Half of this book is given over to an introduction to, and discussion of, wildlife gardening in general and the other half is a directory of the most common or interesting animal that might be found in the garden.
Burton, J. A. and Tipling, D. 2004. Attracting Wildlife to Your Garden. London, New Holland Publishers (UK) Ltd. ISBN 1 84330 842 1.
Hardback. 22.5x29.0cm. 192 pages.
This book is a thorough and thoughtful introduction to the subject of wildlife gardening. It is less 'technical' than Chris Baines' book How to Make a Wildlife Garden
, but the inclusion of the 'directory' of garden animals targets the book at a slightly different audience. The first part of the book is split into four sections: 'Planning a Wildlife Friendly Garden'; 'Natural Habitats'; 'Nocturnal Wildlife'; and 'Friend or Foe?'. The devotion of a whole section to nocturnal wildlife was an unusual and thought provoking angle
The devotion of a whole section to nocturnal wildlife was an unusual and thought provoking angle which had me thinking that I could do more to experience and learn about the wildlife which visits my garden at night.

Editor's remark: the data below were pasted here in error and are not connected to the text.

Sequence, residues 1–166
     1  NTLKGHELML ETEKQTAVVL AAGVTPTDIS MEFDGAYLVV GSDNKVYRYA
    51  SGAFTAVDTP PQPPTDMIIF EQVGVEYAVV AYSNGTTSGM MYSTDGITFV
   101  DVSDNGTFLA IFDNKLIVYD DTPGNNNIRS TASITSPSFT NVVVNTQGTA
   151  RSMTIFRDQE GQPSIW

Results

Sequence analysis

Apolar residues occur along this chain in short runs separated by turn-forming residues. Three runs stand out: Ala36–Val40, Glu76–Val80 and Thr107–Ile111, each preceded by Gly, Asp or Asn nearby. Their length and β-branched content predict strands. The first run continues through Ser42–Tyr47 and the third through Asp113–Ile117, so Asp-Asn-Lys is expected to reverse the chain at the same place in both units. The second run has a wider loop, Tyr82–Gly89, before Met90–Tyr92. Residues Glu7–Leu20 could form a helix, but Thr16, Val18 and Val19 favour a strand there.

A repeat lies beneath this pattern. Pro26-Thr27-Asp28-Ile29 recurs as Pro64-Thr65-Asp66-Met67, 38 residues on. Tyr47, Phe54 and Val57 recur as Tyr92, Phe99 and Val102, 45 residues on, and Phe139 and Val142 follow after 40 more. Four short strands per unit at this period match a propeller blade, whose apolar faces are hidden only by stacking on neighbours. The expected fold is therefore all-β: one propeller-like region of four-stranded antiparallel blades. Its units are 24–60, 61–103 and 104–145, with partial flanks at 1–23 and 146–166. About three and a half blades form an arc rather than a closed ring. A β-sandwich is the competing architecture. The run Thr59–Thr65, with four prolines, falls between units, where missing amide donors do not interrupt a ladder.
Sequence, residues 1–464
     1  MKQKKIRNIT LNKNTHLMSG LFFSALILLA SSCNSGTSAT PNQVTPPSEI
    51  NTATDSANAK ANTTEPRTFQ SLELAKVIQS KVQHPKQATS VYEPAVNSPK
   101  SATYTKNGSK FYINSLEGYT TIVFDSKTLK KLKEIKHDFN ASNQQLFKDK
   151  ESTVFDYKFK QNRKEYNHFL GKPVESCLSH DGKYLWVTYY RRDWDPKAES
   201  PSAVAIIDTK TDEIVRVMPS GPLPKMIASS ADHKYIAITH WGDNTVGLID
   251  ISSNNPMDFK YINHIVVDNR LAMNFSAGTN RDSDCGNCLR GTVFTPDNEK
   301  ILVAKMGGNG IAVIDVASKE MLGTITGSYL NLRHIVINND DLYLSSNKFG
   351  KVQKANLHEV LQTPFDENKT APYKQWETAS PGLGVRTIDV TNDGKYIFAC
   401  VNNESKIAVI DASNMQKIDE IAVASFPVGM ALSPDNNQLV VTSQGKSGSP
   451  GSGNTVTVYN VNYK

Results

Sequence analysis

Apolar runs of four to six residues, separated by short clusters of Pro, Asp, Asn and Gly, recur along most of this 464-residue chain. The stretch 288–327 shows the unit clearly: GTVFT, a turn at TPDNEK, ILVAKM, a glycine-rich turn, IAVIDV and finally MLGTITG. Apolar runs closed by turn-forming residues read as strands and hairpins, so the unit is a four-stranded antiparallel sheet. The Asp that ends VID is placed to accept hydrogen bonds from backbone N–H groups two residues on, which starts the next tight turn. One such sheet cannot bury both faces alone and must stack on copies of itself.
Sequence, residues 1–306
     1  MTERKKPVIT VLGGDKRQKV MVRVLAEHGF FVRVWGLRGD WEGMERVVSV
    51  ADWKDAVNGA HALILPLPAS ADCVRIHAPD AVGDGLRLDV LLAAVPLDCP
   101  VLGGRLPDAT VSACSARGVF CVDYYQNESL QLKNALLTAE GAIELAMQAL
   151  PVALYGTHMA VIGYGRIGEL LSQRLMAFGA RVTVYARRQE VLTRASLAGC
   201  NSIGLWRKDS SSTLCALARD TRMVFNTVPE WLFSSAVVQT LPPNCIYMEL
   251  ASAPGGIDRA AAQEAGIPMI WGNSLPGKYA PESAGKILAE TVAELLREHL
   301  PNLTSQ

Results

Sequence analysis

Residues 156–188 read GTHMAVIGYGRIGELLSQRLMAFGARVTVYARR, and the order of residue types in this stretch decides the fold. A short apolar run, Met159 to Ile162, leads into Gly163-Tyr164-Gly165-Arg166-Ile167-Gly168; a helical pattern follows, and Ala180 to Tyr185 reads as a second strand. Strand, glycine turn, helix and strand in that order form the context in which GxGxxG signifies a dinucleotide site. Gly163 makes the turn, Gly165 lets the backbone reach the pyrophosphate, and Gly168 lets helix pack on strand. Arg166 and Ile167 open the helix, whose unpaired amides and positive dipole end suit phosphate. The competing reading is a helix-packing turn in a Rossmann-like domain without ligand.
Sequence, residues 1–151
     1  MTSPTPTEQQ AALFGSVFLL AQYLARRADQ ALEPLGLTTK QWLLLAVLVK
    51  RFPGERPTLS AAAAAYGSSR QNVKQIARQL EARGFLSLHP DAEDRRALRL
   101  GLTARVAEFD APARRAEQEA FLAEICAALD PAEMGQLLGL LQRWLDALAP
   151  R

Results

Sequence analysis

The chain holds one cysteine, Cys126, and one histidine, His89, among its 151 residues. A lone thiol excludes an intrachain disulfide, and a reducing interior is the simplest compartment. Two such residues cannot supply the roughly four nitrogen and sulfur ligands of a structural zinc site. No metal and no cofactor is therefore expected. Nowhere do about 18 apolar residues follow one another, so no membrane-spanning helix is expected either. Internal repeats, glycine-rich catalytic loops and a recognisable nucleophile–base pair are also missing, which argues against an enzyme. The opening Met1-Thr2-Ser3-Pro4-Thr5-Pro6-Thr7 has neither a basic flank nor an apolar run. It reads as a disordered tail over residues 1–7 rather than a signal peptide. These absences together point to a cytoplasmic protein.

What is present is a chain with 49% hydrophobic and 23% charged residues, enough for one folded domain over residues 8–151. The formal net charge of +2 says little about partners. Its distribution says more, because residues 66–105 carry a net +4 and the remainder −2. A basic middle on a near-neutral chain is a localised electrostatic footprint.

Like the book of the same title published by HarperCollins
, the second half of this book (the directory of species) includes some European animals not likely to be encountered in a British garden, e.g. the flying squirrel (Pteronys volans
). Although this is not done to the same extent as with the HarperCollins publication, I was again left wondering about the criteria used for the selection of animals for the directory.
The endorsement of the Wildlife Trusts; the experience of the author, John Burton, and skill of the photographer, David Tipling, all contribute to the authoritative quality of this book
The endorsement of the Wildlife Trusts; the experience of the author, John Burton, and skill of the photographer, David Tipling, all contribute to the authoritative quality of this book. I can highly recommend it to anyone who would like a general introduction to the subject combined with a directory of some of the animals that might be encouraged or encountered in the garden.